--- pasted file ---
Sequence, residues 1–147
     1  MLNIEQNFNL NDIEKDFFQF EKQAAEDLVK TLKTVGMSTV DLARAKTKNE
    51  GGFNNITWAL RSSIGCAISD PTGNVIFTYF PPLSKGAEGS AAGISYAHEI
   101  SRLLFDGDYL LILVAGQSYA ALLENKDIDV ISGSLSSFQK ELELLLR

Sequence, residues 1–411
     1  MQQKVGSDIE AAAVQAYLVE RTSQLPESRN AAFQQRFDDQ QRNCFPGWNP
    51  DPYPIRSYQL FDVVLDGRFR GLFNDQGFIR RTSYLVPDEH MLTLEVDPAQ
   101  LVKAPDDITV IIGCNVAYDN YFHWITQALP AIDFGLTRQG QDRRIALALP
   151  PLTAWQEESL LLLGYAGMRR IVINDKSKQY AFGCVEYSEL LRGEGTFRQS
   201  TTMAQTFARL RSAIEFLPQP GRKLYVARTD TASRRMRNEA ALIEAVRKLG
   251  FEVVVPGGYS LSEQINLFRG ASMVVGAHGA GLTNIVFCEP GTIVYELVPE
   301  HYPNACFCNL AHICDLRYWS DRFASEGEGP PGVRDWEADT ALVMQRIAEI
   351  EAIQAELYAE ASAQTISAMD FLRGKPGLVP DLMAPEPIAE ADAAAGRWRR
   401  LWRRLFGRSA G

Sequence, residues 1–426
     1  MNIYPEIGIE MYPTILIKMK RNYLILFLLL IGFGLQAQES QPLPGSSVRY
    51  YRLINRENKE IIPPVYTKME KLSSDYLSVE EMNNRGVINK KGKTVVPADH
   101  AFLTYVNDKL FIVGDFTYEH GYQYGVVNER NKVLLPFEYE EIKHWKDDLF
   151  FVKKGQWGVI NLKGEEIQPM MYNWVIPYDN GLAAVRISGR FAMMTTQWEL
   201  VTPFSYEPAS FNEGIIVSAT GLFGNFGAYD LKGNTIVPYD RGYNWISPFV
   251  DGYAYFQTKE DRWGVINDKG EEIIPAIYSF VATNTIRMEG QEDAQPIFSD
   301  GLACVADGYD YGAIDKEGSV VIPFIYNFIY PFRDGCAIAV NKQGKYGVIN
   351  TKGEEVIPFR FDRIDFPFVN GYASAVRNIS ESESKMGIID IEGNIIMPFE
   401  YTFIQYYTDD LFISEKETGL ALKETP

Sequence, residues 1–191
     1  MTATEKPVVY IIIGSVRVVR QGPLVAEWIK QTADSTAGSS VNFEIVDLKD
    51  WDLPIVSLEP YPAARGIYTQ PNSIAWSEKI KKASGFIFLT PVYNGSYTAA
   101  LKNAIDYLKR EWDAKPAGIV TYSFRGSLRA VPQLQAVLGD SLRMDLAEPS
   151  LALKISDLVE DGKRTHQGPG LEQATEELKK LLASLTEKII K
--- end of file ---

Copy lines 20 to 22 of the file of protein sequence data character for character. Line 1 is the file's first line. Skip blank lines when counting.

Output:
   201  VTPFSYEPAS FNEGIIVSAT GLFGNFGAYD LKGNTIVPYD RGYNWISPFV
   251  DGYAYFQTKE DRWGVINDKG EEIIPAIYSF VATNTIRMEG QEDAQPIFSD
   301  GLACVADGYD YGAIDKEGSV VIPFIYNFIY PFRDGCAIAV NKQGKYGVIN